According to trade officials, China called on Members to "do homework" and research the differences and relationships among international laws and domestic practices in order to work out practical proposals.

According to China, time can also be taken to enhance capacity-building efforts, for example, helping countries that are less able to learn how to assess whether a certain subsidy has a negative effect on fish stocks or not.

Russia suggested that Members can hold technical meetings and workshops without delay. It pointed out that "the more we know about a problem, the better we can address it."

On the other hand, the European Union said that Members should immediately resume text-based discussions, particularly on issues where progress had been made in the run-up to MC11.

Before MC11, Members had managed to streamline various proposals into two documents to make choices of positions more apparent, thus simplifying the negotiations. The decision on fisheries subsidies at MC11 expressly instructs WTO Members to build on the progress made in the negotiations as reflected in these documents.

According to trade officials, the African, Caribbean, and Pacific (ACP) Group of States, the Latin American Group, Canada, Ecuador, El Salvador and Norway echoed this view.

Nevertheless, they also supported analytical work and technical sessions in order to gather more information to aid the negotiations.

The ACP Group, New Zealand, the Latin American Group, the EU, Indonesia, Iceland, Norway and Chile also called for having a calendar of negotiating rounds in advance so that capital-based authorities are able to better participate in the meetings.

"Today's discussion is encouraging in the manner Members intervened and seriously considered how to implement what ministers had instructed," said Ambassador McCook, in his final meeting as Chair of the Negotiating Group on Rules.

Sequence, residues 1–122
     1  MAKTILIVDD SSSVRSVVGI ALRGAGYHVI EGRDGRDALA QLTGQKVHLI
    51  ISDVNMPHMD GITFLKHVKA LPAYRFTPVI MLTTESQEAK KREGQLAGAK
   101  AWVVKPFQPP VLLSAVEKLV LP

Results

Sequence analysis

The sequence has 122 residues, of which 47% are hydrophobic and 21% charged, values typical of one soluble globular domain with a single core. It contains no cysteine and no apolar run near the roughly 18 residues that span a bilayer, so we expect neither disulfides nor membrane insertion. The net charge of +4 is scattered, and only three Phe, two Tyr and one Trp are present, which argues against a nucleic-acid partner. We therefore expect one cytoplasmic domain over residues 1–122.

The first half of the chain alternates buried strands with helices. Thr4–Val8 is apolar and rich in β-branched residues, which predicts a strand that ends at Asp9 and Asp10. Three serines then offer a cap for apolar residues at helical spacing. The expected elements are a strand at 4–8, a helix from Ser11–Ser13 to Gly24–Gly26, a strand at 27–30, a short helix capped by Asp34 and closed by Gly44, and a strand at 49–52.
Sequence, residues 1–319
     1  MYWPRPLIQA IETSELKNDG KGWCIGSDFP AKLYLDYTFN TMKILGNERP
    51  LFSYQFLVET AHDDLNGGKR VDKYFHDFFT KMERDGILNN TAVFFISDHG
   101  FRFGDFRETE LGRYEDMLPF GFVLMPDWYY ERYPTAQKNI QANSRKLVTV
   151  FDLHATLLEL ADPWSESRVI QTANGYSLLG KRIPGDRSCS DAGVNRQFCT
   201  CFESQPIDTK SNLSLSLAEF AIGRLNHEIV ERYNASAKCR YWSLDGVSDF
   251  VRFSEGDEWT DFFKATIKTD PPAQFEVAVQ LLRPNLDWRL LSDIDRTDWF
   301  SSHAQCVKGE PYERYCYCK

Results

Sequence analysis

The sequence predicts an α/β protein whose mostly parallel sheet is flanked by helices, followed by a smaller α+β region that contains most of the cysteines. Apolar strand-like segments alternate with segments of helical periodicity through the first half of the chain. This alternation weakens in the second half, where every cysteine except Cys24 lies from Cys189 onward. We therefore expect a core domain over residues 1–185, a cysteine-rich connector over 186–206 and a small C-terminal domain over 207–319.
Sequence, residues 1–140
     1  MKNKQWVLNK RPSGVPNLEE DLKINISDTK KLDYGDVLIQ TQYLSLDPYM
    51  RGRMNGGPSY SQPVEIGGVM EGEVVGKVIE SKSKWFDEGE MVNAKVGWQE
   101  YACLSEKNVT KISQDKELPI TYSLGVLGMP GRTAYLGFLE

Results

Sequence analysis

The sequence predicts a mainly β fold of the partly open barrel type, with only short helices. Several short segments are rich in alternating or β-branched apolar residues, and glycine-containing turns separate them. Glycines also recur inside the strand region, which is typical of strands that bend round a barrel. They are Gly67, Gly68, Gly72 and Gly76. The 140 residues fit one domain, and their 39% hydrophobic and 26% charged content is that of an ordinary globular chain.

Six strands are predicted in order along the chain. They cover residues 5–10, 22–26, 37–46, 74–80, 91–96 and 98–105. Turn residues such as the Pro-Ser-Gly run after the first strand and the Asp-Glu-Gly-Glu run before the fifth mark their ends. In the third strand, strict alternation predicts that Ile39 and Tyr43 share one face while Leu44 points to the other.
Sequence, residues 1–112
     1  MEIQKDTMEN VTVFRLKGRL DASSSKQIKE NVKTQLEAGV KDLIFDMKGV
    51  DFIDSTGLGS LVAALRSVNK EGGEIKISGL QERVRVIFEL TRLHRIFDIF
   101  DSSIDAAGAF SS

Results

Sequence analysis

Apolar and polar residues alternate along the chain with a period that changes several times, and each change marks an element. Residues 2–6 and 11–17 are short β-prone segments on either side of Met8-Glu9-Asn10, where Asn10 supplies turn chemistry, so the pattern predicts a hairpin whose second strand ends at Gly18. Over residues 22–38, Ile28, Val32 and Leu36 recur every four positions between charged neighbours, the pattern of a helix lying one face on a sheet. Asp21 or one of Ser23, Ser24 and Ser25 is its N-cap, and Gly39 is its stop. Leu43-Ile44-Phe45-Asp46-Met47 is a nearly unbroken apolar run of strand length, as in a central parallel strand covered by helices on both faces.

According to trade officials, Ambassador McCook said he was stepping down following the end of his tour of duty as Jamaica's Permanent Representative to the WTO.

The Chair pointed to the ongoing conversation regarding the balance between the negotiating and dispute settlement functions of the WTO.

Ambassador McCook said the WTO's adjudication system needed to be informed of the latest understandings of what trading rules ought to be, something, he said, which relates to the mandate of the Negotiating Group on Rules.

Moreover, Members should also keep in mind sustainability objectives particularly as an additional "unique" mandate for the talks on fisheries subsidies which falls under this Negotiating Group.

The Chair said the ministerial decision at MC11 was clear in instructing delegates to negotiate a comprehensive agreement that covers all aspects mentioned in Sustainable Development Goal 14.6, and not just a partial interim agreement on IUU fishing, for example, as was the case in the run-up to MC11.

"Please understand what the ministers said to you," said Ambassador McCook. "While there is disappointment that there was no partial outcome at MC11, take it as an extreme call for and confidence in your abilities to really get it done right."

"You don't have a lot of time but you have enough," the Chair reminded Members.